Document Detail

Assessing fluoride levels of carbonated soft drinks.
MedLine Citation:
PMID:  10573939     Owner:  NLM     Status:  MEDLINE    
BACKGROUND: Dental fluorosis occurs as a result of excessive total fluoride intake during tooth development. Some children may receive substantial intake from soft drinks, but few studies have reported fluoride levels in soft drinks. The authors examined the fluoride concentrations of 332 soft drinks. METHODS: Soft drinks were purchased from Iowa grocery stores. To identify production sites, the authors recorded product details and batch numbers. After decarbonating the drinks, the authors assayed samples for fluoride content using a fluoride ion-specific electrode, and reported the results in parts per million, or ppm, using appropriate standards and duplicate assessments. Descriptive statistics were used to summarize the findings. RESULTS: The fluoride levels of the products ranged from 0.02 to 1.28 ppm, with a mean level of 0.72 ppm. Fluoride levels exceeded 0.60 ppm for 71 percent of the products. Results varied substantially by production site, even within the same company and for the same product. There were no substantial differences between flavors or between diet and regular soft drinks. CONCLUSIONS: The majority of soft drinks had fluoride levels exceeding 0.60 ppm. Variation in fluoride levels probably is due largely to the different water sources used in production. CLINICAL IMPLICATIONS: With no fluoride levels marked on the soft drink products or easily available from the manufacturers, it is not possible for clinicians or consumers to directly estimate fluoride ingestion from carbonated beverages. Therefore, to reduce the risk of dental fluorosis, dental and medical practitioners should be cautious about prescribing dietary fluoride supplements to preschool-aged children in nonfluoridated areas who consume large quantities of carbonated soft drinks.
J R Heilman; M C Kiritsy; S M Levy; J S Wefel
Related Documents :
10750279 - Personal fluoride and solvent exposures, and their determinants, in semiconductor manuf...
1592189 - Kinetics of a phase transition in a frozen solution.
18965409 - Titrimetric determination of fluoride in some pharmaceutical products used for fluorida...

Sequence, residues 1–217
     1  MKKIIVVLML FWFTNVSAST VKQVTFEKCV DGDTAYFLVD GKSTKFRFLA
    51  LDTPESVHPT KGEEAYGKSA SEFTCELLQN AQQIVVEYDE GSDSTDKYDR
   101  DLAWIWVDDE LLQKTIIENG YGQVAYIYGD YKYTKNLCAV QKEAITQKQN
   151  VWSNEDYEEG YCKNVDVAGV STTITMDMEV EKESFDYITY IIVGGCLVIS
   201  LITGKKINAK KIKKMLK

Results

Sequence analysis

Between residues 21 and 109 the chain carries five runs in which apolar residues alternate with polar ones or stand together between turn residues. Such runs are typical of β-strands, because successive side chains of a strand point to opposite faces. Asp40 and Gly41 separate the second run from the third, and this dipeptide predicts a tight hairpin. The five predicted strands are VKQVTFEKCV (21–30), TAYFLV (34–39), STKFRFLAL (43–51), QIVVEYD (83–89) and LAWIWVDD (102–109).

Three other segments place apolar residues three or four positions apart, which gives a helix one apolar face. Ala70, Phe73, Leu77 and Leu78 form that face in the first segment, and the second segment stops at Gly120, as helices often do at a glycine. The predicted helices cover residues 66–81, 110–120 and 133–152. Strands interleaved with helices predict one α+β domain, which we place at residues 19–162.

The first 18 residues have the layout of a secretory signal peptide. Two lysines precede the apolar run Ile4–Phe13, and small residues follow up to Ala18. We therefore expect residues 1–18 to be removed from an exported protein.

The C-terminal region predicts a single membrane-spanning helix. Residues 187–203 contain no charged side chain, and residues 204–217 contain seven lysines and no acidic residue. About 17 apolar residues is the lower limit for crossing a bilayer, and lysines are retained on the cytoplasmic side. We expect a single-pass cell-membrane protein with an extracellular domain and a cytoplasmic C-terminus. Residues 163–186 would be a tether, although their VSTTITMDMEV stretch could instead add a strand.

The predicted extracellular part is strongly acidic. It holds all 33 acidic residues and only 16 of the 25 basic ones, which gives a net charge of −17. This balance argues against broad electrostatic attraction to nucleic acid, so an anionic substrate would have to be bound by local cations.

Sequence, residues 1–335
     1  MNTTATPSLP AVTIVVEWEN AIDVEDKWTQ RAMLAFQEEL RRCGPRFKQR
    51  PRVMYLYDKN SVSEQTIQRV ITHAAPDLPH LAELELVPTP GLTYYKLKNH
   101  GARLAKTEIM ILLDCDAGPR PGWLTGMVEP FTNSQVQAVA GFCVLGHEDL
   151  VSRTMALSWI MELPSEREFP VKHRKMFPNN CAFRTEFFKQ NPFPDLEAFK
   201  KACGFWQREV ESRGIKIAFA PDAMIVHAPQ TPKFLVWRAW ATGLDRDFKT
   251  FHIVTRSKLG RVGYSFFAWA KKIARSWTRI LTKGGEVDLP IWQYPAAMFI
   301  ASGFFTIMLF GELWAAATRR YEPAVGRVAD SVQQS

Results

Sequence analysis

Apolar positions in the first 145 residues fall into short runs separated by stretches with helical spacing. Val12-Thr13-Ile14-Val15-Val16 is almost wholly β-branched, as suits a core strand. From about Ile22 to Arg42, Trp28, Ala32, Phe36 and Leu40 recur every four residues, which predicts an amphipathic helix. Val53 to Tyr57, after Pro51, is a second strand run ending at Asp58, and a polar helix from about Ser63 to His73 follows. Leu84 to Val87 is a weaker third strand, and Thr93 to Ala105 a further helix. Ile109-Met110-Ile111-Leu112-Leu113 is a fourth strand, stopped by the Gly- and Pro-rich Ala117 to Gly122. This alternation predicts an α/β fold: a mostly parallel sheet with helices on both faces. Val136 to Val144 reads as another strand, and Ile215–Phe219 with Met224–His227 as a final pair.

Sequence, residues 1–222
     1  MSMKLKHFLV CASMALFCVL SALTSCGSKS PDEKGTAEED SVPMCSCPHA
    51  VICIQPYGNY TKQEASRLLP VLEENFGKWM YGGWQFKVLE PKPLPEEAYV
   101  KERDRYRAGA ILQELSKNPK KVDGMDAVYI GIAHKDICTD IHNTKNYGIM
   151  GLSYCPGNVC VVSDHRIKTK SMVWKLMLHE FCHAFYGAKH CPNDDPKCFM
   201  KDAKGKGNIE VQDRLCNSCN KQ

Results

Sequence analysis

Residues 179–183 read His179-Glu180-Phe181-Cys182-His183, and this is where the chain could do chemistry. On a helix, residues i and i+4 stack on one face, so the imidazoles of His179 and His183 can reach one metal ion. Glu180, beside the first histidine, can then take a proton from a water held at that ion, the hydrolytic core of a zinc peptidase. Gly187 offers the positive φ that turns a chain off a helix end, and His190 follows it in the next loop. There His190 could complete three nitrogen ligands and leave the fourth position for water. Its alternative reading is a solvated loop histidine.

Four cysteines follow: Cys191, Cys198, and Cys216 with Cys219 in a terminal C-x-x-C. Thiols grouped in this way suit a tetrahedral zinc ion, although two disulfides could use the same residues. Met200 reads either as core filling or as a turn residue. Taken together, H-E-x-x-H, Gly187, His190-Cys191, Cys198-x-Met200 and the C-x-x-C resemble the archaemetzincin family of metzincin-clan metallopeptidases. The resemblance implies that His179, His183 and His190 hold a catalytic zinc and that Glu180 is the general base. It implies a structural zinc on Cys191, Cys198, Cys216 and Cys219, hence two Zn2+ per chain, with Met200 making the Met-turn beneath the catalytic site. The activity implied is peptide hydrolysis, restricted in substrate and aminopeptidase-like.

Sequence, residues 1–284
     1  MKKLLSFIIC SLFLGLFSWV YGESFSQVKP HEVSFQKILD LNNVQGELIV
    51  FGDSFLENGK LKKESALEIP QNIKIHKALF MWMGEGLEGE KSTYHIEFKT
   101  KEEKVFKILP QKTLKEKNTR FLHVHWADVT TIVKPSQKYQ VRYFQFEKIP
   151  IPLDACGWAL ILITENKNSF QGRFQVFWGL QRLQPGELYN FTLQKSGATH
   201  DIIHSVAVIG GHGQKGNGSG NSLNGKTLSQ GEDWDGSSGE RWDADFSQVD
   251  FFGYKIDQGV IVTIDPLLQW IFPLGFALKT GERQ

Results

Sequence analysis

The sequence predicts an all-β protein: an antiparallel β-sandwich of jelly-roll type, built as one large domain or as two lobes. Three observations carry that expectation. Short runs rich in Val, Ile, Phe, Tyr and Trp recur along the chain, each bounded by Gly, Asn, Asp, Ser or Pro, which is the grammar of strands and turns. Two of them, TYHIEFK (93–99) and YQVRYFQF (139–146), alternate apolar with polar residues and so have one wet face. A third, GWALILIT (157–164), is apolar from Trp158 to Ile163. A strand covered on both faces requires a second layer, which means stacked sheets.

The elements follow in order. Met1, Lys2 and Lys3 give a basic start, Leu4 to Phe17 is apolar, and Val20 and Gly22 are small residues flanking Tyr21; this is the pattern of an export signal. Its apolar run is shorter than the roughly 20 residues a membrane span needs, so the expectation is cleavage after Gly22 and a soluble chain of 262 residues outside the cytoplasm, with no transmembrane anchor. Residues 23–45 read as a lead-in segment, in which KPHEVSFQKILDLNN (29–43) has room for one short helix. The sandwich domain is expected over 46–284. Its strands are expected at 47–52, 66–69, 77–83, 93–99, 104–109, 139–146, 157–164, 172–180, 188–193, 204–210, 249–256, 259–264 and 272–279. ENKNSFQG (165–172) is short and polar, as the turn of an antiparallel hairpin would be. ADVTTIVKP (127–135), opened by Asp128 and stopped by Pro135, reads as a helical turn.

12024749 - Rice as a vehicle for dietary fluoride uptake.
7034449 - Rational use of fluorides in caries prevention. a concept based on possible cariostatic...
18960229 - Determination of traces of organic fluorine in hydrocarbons.
10614259 - Relationship between use of food labels and nutrition knowledge of people with diabetes.
22641279 - Furan in heat-treated foods: formation, exposure, toxicity, and aspects of risk assessm...
24035459 - Comparing nutrition environments in bodegas and fast-food restaurants.
Publication Detail:
Type:  Comparative Study; Journal Article; Research Support, U.S. Gov't, P.H.S.    
Journal Detail:
Title:  Journal of the American Dental Association (1939)     Volume:  130     ISSN:  0002-8177     ISO Abbreviation:  J Am Dent Assoc     Publication Date:  1999 Nov 
Date Detail:
Created Date:  2000-01-04     Completed Date:  2000-01-04     Revised Date:  2007-11-14    
Medline Journal Info:
Nlm Unique ID:  7503060     Medline TA:  J Am Dent Assoc     Country:  UNITED STATES    
Other Details:
Languages:  eng     Pagination:  1593-9     Citation Subset:  D; IM    
Dows Institute for Dental Research, College of Dentistry, University of Iowa, Iowa City, USA.
Export Citation:
APA/MLA Format     Download EndNote     Download BibTex
MeSH Terms
Carbonated Beverages / adverse effects,  analysis*,  statistics & numerical data
Fluorides / adverse effects,  analysis*
Fluorosis, Dental / etiology
Longitudinal Studies
Risk Factors
Grant Support
Reg. No./Substance:

From MEDLINE®/PubMed®, a database of the U.S. National Library of Medicine

Previous Document:  Interior design for dentistry.
Next Document:  Chewing tobacco use and dental caries among U.S. men.